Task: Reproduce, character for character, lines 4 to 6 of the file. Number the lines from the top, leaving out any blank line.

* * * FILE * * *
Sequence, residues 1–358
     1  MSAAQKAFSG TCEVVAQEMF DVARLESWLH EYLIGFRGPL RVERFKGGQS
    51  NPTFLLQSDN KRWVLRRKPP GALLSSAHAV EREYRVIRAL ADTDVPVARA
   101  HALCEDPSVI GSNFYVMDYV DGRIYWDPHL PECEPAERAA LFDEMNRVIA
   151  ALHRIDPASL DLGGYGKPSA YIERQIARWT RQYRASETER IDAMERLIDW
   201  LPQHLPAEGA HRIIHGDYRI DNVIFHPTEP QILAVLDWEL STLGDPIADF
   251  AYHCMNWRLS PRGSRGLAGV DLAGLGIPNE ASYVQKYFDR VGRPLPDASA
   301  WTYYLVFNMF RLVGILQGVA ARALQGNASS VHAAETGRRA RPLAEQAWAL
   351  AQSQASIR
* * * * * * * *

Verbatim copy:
   101  HALCEDPSVI GSNFYVMDYV DGRIYWDPHL PECEPAERAA LFDEMNRVIA
   151  ALHRIDPASL DLGGYGKPSA YIERQIARWT RQYRASETER IDAMERLIDW
   201  LPQHLPAEGA HRIIHGDYRI DNVIFHPTEP QILAVLDWEL STLGDPIADF